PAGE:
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Customers who have purchased refurbished equipment from DEI Systems
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Announcement – Glunz and Jensen PlateWriter 2450SE

The Glunz and Jensen PlateWriter 2450SE – SOLD OUT! We are completely sold out of the PlateWriter 2450SE with no more remaining.

Sharpening the Saw – How Curiosity Ensures Your Success

I’ll never forget the day, 4 or 5 years ago now, that I had too much work to do and all I kept hearing from the back of the warehouse was, bangs and clanks, and loud scraping sounds.

Just when I thought the din had settled down, I heard someone yelling, “Move that over here! YES … and get some plates!”

Curiosity took over me. Even though I had more work than I could handle, I had to go see what was going on in the back room.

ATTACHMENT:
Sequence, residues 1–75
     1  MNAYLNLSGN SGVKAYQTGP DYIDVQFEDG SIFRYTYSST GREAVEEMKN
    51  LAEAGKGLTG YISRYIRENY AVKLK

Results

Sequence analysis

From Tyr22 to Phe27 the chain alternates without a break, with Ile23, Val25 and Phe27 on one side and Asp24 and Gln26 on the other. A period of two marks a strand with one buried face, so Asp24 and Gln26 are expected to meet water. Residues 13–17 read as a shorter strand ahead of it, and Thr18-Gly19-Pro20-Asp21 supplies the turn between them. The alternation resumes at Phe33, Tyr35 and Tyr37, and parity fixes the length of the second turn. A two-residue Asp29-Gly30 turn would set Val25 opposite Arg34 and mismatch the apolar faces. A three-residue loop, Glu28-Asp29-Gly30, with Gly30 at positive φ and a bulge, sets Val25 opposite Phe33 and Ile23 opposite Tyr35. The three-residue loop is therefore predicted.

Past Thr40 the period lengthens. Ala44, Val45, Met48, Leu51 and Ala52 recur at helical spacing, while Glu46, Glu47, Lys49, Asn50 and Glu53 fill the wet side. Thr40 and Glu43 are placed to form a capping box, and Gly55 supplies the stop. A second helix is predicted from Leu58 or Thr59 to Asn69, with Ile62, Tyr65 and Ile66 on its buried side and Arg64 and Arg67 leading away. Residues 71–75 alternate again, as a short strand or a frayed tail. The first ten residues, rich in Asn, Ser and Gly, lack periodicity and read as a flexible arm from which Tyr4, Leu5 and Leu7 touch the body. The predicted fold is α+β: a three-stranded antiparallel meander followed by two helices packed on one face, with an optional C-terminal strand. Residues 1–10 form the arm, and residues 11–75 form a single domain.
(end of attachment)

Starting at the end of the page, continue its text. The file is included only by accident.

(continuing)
As I walked down the hall from my office to the back room and rounded the corner, I could see Rudi, Bill and Josh pushing equipment together.

As Rudi was finding a plug to use, I asked him, “What’s going on?”

[Read more…]

6 Reasons Why You Should Buy Your Glunz and Jensen Platewriter or Newswriter from DEI Systems

Everyone says that their business is the best and they have the best prices, but why should you care? I mean, how do you know they aren’t just pulling your leg?

Besides, it’s not like you are interested in hearing another sales pitch … right?

That’s why I’m not going to be salesey. Nope, I’m going to be completely honest. Because you deserve to know the truth.